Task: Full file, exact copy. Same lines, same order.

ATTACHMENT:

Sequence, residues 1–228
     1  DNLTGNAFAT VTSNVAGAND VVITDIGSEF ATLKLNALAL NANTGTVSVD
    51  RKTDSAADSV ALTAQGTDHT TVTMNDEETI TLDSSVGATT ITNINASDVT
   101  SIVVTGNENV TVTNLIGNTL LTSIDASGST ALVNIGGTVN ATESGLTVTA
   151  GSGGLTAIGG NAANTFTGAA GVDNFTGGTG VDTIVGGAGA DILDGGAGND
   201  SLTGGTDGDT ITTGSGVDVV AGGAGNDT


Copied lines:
Sequence, residues 1–228
     1  DNLTGNAFAT VTSNVAGAND VVITDIGSEF ATLKLNALAL NANTGTVSVD
    51  RKTDSAADSV ALTAQGTDHT TVTMNDEETI TLDSSVGATT ITNINASDVT
   101  SIVVTGNENV TVTNLIGNTL LTSIDASGST ALVNIGGTVN ATESGLTVTA
   151  GSGGLTAIGG NAANTFTGAA GVDNFTGGTG VDTIVGGAGA DILDGGAGND
   201  SLTGGTDGDT ITTGSGVDVV AGGAGNDT